Last Tuesday midnight his authority was further consolidated. He now has the power to dissolve Parliament under Article 70(1)a of the Constitution. In terms of its consequences, the Lotus Bud Party, which holds the majority in Parliament, will now become more subservient to Ranil. This means that Ranil has become stronger. Thus, if Ranil conducts the local council elections in a relatively strengthened environment, it may disturb some of the political stability of the job. It is expected that the results of the local council elections will be mostly unfavorable to the Lotus Bud Party. The election may prove that the two-thirds majority won by the Lotus Bud Party in the last general election has lapsed. It will disturb the political stability of the country. Without political stability, it is difficult to stabilize the economy. In the absence of political stability, Western financial institutions such as the IMF will not provide assistance. So political stability should be maintained. It is not wise to hold local council elections for that.
A question arises at this point. Local council elections reflect local conditions. Do they show the success and failure of the parties at the national level? It is true. The local council elections reflect aspects like caste, religion and personal influence found in the locality. But finally, when the votes received by the parties are predicted at the national level, it will be interpreted as the success or failure of the parties.
Such a situation occurred after the formation of the Ranil+Maithri government in 2015. Mahinda’s team won the elections for the cooperative councils after Ranil+Maithri’s joint victory in the 2015 elections. It was a local victory. However, Ranil + Maithiri got scared and postponed the local body elections for almost 20 months. When the postponed elections were held in 2018, Mahinda’s team won. It proved that Ranil+Maithri’s joint political hold on the electorate was over and Maithri shifted his allegiance as a result. A Yapuch was involved in a coup d’état.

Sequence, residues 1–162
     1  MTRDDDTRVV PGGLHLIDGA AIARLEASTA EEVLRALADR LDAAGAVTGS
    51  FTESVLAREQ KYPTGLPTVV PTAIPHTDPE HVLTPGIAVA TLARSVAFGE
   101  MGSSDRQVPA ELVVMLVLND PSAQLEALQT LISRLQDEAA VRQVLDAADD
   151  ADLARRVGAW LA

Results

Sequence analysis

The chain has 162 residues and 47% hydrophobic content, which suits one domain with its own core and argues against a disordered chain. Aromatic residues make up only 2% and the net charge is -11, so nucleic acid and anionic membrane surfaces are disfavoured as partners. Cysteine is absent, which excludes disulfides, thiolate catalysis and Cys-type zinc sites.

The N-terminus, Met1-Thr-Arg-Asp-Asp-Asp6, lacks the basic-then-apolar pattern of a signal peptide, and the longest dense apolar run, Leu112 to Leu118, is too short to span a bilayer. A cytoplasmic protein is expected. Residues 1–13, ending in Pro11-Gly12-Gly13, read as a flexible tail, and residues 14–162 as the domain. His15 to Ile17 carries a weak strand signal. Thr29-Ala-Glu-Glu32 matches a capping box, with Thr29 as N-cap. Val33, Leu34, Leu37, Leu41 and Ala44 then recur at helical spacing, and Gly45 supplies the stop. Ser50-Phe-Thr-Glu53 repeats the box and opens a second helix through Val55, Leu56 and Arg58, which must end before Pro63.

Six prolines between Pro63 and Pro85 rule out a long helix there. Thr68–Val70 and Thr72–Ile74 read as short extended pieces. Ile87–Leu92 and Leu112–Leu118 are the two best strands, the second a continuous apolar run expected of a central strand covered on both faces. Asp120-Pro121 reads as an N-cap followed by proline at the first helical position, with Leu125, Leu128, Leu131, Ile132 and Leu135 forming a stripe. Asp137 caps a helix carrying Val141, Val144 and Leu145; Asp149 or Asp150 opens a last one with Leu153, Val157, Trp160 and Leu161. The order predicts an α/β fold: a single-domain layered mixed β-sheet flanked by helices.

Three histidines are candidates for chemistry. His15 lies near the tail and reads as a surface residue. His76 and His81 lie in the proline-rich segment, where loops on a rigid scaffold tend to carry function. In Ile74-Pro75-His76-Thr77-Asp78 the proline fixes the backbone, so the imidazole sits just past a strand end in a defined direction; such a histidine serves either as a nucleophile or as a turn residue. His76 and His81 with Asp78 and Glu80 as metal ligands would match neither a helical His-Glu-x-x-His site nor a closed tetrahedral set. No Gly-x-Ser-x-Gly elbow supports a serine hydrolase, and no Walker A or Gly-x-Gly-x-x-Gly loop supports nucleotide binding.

Therefore, even if the local government elections bring out results that are more local in nature, they can be predicted as a victory or defeat for the parties at the national level. If we think on this basis, does the Lotus Bud have a mandate from the people or not? What is Sajith’s height? What is the height of the JVP? It is true that the government is reluctant to hold a local government election that can prove the strength of the opposition.
Instead, it is safer for the government to call the elections after it has substantially improved the economy or at least received a bailout from the IMF and called it a victory. That is the image the President has been building over the last several months about the assistance available from the IMF. He said go to the IMF in his first speech when he came to Parliament as a lone elephant, during the Rajapaksa era. He still says the same; he is portraying the IMF as a panacea so that he can try to garner votes by presenting it as an achievement if he successfully gets aid from the IMF.
But the question here is whether the economy will recover somewhat by next year, as the president hopes. Because, like Sri Lanka, Greece, which fell into economic crisis, changed its government seven times within five years. In Argentina, the government changed five times. Finance ministers were changed five times. What about Sri Lanka?